Black Walnut Memories

Description: jpeg image, Black Walnut fruit Ju...
Description: Black Walnut fruit (Photo credit: Wikipedia)

Jim sent me this link to a news article on black walnuts.  I think his ulterior motive was to have me make the Black Walnut Pumpkin Pie recipe that it includes (it does sound yummy), which I will, but I know he has a soft spot in his heart for these trees and he wanted to share what he found.

Our Sharps Chapel property has a number of black walnut trees and every time we go by them, I want to experience their unique smell by either rubbing their highly pungent leaves or picking up a fallen walnut.  These trees bring back a lot of memories for me.

My Dad used to have some property in Spring Valley, Ohio that had quite a few black walnut trees.  When he bought the property, we found a homemade black walnut husker in the shed.  It was simply a piece of wood on a stand that had a hole in it just large enough to let the hard walnut shell fall through and leave the husk, when smashed with a hammer or mallet.  Boy was that a messy job. Our hands were black.  Years later when he sold the property, the new owner sold the trees for timber.  It broke our hearts.  It made financial sense, but we got more enjoyment out of the trees than money could buy.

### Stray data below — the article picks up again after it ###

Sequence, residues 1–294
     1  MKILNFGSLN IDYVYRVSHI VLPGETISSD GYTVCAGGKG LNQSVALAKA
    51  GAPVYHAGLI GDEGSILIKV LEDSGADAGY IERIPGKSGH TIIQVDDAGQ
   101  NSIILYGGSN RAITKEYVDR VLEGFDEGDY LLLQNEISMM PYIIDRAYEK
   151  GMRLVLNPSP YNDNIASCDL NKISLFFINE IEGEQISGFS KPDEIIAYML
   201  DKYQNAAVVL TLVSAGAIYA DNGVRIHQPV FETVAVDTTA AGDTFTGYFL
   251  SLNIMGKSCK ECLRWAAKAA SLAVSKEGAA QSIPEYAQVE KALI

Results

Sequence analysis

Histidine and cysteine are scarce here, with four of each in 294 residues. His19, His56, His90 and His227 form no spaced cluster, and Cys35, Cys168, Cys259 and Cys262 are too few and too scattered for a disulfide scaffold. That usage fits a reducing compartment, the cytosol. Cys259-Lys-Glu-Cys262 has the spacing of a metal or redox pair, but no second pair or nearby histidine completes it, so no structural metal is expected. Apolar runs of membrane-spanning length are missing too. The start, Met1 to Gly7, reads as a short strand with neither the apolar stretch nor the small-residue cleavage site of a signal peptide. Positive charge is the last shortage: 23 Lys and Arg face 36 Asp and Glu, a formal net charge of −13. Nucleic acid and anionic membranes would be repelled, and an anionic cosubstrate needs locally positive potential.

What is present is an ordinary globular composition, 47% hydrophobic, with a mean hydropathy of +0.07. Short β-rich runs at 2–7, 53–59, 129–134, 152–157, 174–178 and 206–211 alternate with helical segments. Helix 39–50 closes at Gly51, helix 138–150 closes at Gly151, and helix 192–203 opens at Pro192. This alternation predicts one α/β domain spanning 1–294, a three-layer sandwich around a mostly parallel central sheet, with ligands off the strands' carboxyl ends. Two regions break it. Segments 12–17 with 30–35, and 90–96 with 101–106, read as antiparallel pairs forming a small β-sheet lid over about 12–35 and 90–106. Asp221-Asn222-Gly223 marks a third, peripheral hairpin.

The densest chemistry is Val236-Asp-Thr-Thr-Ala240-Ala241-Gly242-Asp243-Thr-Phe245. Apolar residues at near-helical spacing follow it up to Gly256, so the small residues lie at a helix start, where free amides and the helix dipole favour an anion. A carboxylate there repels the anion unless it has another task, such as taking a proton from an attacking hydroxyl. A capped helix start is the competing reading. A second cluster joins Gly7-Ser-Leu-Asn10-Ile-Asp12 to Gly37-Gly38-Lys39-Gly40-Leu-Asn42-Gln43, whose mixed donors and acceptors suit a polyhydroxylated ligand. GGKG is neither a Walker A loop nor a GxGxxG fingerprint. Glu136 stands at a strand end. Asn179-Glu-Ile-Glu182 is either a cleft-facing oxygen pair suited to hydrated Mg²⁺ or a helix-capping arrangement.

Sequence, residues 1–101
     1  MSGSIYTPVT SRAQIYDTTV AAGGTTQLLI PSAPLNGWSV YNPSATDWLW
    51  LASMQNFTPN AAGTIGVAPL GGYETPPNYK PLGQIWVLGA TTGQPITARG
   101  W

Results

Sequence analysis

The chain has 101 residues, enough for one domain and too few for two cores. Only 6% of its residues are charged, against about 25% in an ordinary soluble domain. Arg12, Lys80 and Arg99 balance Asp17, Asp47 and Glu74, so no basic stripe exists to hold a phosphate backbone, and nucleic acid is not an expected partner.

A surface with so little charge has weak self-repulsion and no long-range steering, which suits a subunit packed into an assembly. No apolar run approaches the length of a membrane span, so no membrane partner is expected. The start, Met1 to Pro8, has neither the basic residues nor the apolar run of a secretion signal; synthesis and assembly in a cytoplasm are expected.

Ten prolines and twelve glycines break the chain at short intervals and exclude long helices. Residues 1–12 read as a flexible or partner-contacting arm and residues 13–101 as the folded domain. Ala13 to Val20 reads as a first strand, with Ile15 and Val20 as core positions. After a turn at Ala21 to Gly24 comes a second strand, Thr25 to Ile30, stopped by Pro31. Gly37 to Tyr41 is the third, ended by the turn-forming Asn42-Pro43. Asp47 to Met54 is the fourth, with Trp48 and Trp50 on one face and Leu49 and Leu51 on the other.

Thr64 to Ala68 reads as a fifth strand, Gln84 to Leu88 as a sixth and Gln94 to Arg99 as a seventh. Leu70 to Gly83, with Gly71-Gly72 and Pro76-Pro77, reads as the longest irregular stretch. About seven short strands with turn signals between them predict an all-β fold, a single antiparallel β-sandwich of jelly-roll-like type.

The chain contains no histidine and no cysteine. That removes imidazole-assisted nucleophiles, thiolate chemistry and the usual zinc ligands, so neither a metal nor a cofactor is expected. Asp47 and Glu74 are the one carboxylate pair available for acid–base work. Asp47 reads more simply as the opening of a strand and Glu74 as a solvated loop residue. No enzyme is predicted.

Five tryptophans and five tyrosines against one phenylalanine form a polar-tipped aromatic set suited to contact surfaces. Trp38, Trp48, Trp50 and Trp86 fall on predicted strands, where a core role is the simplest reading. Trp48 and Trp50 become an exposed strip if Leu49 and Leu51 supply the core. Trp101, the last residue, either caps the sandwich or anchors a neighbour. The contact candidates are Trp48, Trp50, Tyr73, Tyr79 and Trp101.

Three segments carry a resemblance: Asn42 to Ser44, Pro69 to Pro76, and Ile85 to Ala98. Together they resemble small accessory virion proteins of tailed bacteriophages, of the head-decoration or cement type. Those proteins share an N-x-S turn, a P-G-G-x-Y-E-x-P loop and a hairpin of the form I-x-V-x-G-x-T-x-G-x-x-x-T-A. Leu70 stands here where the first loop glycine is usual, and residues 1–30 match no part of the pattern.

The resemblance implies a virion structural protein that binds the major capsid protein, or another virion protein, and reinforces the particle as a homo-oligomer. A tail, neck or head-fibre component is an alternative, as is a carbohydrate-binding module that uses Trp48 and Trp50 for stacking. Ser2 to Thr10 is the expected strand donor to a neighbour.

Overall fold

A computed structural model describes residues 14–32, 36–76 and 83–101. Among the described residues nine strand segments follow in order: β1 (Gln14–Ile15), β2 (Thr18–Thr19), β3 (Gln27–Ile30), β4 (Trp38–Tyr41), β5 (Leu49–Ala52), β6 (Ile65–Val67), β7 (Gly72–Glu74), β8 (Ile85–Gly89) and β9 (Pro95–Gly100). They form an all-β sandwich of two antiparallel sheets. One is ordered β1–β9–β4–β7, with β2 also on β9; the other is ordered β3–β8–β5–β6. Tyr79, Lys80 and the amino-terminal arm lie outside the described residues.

Did you know that black walnut trees have bumper years and lean years, in terms of producing nuts?  We noticed that from experience.  This is nature’s way of controlling the populations of animals, such as squirrels, who feed off the nuts so that there are enough nuts left to produce more seedlings.

Years ago, I took a cream cheese ball appetizer to a party.  I will never forget the hostess asked what made my recipe so special — she had a similar recipe but mine tasted so much better.  I had added black walnuts!

Yes, I will make the Black Walnut Pumpkin Pie, but here is the other recipe in the article that I really want to try first and I think I will try it on the grill in my cast iron skillet.

Harry Truman’s Ozark Pudding

This is an interesting dessert, halfway between cake and pudding, something like Hugenot torte. Bess used to make it for Harry when he got homesick.

  • 1 egg
  • ¾ cup sugar
  • 2 tablespoons all-purpose flour
  • 1¼ teaspoons baking power
  • ¼ teaspoon salt
  • ½ cup chopped peeled apples
  • ½ cup chopped black walnuts
  • 1 teaspoon vanilla Whipped cream

Preheat oven to 350. Grease a 10-inch pie pan or 9-inch square pan.

Beat the eggs and the sugar together until smooth. Add the flour, baking powder and salt. Blend well. Fold in the apples, nuts and vanilla. Pour into the prepared pie pan and bake for 30 to 35 minutes. Remove from the oven. It will fall; it’s supposed to. Serve warm with whipped cream or ice cream.

Life is an Adventure!